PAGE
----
The Unbroken Thread: slideshow photograph 1
The Unbroken Thread: slideshow photograph 2
The Unbroken Thread: slideshow photograph 3
The Unbroken Thread: slideshow photograph 4
The Unbroken Thread: slideshow photograph 5


RSN Silk Shading: First large petal finished

This flower may be “white’ but there are lots of threads in the stitch that are NOT white. I’ve used various greys, violets, a light clay color, and a bit of grey-green to achieve the shading in the largest petal. Here’s a photo of my work in progress – look at all those needles!



Analysing the colors in the photo and finding the right thread is so interesting! Kelly taught me a trick to make sure I was using the correct color: take one strand of the color you think will be right and hold it about 4 inches away from the place in the photo where you plan to use that color. If the thread “disappears” into the photo, it’s the right color.It’s really important to have the photo close at hand all the time so that you can refer to it constantly. As Kelley said “If you don’t see it, don’t stitch it.”



Below is a close up where you can see all the different colors/shades of thread that I’ve used. Another thing that’s super important is to stand up, move away from your stitching and look at it from a distance. It will look quite different and you may find you need to adjust the colors you’re using.


One other thing I’ve noticed is that the kind of light I use makes a BIG difference in how the colors and shades of thread look as I stitch. When I stitch in the evening I sometimes use a high intensity light with an LED bulb. Other times I used my magnifying lamp which has daylight bulbs. Below, you can see two photos, the one on the left taken when I was using the  magnifier with daylight bulbs and the one on the right when I was using the high intensity light with an LED bulb.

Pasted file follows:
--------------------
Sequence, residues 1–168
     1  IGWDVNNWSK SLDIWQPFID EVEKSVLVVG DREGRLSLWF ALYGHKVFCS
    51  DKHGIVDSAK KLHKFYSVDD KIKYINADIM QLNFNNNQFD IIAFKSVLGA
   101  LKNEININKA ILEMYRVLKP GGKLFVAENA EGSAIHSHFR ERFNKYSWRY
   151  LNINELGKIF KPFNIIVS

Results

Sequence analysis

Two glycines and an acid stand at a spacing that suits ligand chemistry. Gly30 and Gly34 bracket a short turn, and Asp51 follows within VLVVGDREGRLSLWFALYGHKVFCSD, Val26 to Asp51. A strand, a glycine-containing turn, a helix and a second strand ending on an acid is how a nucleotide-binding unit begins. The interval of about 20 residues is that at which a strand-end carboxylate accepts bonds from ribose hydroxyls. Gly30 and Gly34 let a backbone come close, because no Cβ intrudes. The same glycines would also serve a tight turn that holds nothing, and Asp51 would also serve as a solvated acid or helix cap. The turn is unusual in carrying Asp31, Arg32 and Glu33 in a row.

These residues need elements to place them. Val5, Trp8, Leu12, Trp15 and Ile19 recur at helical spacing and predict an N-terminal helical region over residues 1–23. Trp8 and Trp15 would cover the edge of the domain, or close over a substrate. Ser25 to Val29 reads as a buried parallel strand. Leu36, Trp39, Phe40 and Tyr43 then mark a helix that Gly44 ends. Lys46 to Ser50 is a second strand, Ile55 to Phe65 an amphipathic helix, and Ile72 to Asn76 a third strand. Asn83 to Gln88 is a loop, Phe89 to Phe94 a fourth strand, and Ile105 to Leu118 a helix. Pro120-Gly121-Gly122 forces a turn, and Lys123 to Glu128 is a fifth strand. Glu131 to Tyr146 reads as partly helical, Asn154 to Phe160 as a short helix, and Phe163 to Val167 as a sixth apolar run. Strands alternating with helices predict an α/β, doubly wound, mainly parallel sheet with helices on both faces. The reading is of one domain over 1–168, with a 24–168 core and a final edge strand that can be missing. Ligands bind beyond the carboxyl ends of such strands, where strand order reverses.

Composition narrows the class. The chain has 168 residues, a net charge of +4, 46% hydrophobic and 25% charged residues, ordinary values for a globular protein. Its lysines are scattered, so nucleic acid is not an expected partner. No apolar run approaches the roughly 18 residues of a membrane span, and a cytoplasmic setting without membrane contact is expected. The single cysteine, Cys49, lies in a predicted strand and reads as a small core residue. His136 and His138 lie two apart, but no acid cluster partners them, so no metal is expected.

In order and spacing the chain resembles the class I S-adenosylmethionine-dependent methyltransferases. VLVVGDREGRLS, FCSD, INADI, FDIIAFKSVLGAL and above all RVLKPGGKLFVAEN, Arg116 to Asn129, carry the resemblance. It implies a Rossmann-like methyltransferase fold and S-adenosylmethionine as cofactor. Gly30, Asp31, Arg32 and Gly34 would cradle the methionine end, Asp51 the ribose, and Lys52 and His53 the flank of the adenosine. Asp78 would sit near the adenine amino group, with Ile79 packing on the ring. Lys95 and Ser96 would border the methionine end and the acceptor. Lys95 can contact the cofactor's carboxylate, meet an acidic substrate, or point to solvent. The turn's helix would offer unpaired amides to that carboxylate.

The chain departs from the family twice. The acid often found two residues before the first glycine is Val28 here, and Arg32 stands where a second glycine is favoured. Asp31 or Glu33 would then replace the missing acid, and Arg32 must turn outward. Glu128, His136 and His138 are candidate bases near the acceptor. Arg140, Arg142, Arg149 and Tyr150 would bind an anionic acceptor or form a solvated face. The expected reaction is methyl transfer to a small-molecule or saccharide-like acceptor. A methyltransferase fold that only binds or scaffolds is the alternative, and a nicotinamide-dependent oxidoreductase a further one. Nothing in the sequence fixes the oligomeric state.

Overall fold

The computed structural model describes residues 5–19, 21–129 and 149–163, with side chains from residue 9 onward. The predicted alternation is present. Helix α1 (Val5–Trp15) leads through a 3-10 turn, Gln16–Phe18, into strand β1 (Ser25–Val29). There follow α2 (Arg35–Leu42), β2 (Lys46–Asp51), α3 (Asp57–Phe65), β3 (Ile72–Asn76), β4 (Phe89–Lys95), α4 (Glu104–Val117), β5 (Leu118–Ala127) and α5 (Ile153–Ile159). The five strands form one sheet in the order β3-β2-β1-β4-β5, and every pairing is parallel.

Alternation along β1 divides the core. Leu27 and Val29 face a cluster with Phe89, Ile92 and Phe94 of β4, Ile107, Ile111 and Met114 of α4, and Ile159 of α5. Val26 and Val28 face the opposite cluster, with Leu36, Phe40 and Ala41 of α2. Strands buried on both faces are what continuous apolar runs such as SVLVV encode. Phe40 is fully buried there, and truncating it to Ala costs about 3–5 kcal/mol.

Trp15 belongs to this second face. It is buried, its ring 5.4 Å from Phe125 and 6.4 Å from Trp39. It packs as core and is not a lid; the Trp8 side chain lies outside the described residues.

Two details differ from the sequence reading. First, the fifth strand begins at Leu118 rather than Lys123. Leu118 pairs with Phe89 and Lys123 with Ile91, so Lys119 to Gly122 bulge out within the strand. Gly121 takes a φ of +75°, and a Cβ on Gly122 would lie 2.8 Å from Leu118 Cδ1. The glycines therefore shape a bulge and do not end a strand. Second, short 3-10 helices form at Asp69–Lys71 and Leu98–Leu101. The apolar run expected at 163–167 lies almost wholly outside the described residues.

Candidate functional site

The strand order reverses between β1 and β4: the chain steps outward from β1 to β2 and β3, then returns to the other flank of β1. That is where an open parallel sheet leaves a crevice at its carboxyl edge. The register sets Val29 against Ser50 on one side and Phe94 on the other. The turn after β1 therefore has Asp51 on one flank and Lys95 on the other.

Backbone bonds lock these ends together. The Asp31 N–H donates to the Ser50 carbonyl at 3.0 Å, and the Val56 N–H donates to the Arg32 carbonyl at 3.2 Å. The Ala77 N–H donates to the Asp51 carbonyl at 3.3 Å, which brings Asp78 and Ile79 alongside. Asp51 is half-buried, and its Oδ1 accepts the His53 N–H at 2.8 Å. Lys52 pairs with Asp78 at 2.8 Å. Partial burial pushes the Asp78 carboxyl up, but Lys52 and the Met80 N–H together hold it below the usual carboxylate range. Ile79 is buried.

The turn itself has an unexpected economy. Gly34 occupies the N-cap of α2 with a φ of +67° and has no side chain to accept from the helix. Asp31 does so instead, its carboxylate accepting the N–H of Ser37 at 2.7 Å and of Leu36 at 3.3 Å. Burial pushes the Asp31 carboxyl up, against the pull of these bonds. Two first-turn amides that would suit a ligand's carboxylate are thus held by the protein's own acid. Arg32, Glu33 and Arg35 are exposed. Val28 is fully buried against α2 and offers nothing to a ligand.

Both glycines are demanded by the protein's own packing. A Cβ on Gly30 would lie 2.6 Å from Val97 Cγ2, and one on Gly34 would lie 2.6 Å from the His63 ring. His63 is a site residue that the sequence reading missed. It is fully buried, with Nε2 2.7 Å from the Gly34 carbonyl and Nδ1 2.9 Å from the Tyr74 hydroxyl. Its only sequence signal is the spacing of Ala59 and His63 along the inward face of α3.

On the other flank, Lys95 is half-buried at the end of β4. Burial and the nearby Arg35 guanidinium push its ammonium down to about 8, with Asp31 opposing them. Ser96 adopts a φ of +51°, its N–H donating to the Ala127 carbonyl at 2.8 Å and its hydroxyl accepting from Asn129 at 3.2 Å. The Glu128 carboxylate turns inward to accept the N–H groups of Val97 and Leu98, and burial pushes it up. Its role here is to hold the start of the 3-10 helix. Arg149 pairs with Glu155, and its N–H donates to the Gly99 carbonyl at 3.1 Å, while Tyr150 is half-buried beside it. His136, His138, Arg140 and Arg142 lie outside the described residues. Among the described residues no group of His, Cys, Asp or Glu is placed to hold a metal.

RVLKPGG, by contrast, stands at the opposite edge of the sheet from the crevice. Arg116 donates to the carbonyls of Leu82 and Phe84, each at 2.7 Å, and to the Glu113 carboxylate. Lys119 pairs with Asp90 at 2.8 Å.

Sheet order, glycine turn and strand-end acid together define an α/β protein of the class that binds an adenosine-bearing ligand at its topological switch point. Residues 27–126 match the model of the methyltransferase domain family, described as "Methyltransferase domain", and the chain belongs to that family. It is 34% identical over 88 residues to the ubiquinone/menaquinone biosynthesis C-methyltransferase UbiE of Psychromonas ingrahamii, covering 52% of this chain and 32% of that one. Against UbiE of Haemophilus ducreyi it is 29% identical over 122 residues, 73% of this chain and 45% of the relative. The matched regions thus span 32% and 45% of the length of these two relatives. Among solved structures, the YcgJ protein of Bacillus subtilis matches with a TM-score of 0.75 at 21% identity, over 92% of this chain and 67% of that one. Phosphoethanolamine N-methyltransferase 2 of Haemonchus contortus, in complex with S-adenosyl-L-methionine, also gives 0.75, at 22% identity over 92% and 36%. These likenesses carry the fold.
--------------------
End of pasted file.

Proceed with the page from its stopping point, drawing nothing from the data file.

Silk and tree

The daylight lamp make the threads look a bit less shiny than the LED light to me. The whites seem to glow less and the other colors seem to be more the same intensity as the white. The LED light, on the other hand, makes the white pop and the other threads recede a bit more. The best light for observing my work is during the daytime in natural light. However, my employer would frown on me explaining that I needed to stay home so I could see my stitching in the best possible light. Really, does that show any understanding?!


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Curly branches!

The tree is growing beautifully! Stem stitch is one of my favourite stitches and I especially like doing it when I have to either taper the stitches to a thinner point or expand them to get thicker. I like the puzzle of working out where to have one row stop (or begin the additional row).


The very ends of the two branches that curl were great fun to stitch. I had to plan when the various colors would “fade out” leaving just one single thread for the end of each curled branch.